Q & A with Anna Appleby – Rambert Music Fellow 2016/17
You’re now reaching the end of your fellowship at Rambert, what have you enjoyed most about your time there?
Everything! This year has really changed my life. It was great even just to tour with the company and see them in action, experience lots of contemporary pieces alongside some classic works, and get to know everyone here. Having the chance to make work with Rambert has pushed me creatively and professionally, and I feel I’ve grown as a result. I think my favourite aspect of my time here has been the incredible conversations I’ve had with so many different artists.
How has Rambert developed you, both as a composer and a musician?
It is hard to measure this, as I feel that I have learned so many things in the past year that it will take some time to work out where I am in relation to where I was last September! Working with Rambert has given me a real insight into the dance world, and I’m totally addicted to movement in a way that I never was before. I think this idea of motion and also real collaboration influences everything I now write. Some of the opportunities I’ve had during my fellowship with Rambert have given me the confidence to try bold new things, like electroacoustic composition, improvisation and larger-scale writing. I’m particularly excited to be working with choreographers Julie Cunningham, Carolyn Bolton and Mbulelo Ndabeni on a couple of pieces for Rambert’s shows at the Southbank Centre this month.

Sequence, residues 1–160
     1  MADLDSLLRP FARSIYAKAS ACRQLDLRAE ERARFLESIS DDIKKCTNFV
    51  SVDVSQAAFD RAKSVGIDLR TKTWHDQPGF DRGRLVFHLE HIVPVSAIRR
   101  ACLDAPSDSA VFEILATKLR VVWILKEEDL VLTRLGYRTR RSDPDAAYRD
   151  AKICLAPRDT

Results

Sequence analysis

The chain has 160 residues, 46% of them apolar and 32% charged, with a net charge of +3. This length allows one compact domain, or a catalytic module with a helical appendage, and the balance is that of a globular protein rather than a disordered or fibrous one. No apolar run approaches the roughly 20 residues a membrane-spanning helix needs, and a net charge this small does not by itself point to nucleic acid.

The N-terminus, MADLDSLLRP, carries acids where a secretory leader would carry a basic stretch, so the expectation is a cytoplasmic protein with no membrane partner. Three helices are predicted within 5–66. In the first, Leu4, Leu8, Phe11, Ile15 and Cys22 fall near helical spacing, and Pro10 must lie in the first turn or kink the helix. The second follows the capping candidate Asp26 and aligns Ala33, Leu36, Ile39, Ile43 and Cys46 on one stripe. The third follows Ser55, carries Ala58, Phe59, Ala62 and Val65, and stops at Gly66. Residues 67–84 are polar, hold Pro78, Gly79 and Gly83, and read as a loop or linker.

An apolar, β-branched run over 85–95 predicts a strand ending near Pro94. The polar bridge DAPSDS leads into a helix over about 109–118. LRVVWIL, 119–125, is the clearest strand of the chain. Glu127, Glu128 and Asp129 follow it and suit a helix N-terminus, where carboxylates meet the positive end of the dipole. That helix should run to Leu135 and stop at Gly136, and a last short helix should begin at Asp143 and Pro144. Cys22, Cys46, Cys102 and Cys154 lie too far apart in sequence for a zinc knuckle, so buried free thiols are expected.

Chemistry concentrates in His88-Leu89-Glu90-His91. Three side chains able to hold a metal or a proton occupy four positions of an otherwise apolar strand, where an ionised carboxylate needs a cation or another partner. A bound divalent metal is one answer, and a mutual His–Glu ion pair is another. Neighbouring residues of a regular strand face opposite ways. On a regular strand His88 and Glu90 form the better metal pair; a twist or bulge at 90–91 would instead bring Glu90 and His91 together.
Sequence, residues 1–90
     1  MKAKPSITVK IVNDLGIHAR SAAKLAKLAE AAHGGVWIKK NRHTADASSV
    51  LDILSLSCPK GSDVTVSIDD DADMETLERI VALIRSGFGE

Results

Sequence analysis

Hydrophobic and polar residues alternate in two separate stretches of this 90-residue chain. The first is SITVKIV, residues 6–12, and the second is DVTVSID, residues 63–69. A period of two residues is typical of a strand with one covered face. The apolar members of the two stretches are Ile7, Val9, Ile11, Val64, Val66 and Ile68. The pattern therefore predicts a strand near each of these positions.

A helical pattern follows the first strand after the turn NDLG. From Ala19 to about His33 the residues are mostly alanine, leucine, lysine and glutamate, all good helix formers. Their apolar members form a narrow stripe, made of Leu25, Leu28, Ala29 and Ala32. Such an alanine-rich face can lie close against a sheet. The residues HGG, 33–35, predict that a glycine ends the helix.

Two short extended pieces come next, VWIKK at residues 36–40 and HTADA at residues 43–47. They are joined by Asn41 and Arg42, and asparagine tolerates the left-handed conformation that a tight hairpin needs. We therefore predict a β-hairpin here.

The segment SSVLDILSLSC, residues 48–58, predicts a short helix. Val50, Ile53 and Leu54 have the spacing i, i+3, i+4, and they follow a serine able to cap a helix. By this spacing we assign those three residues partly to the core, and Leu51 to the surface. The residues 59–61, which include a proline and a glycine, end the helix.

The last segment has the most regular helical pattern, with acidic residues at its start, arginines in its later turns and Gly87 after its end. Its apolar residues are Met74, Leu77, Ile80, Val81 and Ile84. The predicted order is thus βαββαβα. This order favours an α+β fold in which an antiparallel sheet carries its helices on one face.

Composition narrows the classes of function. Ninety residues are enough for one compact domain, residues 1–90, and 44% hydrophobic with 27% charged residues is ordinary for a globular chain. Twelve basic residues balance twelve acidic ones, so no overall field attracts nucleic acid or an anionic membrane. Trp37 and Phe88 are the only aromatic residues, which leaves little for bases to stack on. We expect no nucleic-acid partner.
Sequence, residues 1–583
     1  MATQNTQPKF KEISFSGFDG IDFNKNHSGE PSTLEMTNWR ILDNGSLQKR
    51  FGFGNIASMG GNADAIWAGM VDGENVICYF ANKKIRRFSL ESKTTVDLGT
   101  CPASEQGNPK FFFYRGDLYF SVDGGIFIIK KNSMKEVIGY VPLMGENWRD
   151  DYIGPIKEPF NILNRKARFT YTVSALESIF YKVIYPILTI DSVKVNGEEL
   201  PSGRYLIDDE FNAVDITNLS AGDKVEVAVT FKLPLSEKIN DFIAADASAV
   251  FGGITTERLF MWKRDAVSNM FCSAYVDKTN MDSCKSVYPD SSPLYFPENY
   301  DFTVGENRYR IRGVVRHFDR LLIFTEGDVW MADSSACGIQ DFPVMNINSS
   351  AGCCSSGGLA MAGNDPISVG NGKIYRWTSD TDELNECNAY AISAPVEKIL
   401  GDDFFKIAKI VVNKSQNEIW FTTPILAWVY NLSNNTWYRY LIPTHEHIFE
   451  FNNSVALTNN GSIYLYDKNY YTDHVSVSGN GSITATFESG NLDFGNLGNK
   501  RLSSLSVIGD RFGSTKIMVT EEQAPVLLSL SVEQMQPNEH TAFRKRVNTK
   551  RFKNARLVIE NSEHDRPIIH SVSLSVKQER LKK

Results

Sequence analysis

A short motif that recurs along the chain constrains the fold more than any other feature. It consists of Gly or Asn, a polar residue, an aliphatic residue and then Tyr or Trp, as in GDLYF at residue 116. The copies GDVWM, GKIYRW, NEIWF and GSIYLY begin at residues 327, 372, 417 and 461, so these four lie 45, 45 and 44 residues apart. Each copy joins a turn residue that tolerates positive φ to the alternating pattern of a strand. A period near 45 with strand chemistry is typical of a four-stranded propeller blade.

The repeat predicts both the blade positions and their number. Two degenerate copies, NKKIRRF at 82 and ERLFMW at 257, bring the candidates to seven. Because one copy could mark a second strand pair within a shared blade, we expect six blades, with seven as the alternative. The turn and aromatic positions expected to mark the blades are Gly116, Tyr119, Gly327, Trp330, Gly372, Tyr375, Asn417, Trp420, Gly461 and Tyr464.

We’re very excited to see your new opera-ballet ‘Citizens of Nowhere’, written whilst at Rambert. Did your fellowship experience influence the composition?
I began writing the opera before my fellowship at Rambert started, but the piece has evolved over the year due to my experience of working with a dance company. The idea to make it a fully choreographed work came about in November when I talked to Dane about the possibility, and I think I was more inspired to do so because of being immersed in the dance world at the moment. It was great to have advice and feedback from some of the staff at Rambert, too.
What other influences do you draw on when you work, any favourite composers?
It’s hard to say whose influences you might hear in my music, but I’ve always been inspired by Britten, Shostakovich, Mahler and Stravinsky as each of them have a quite stark musical language, which you might notice is also the case in this piece.
The story-line draws on recent political events, what should the audience be looking out for?
I was motivated to write the music based on very strong emotional responses to Brexit and the refugee crisis (or crises). I also started to question my identity in the face of nationalism and closing borders. The island-mainland relationship in the opera is an unsubtle metaphor for current negotiations, and the three characters represent contrasting responses to tragedy: grief, anger and politics.
The Opera-Ballet focuses on three dancers and three singers. How do the characters interact and what stories do they tell?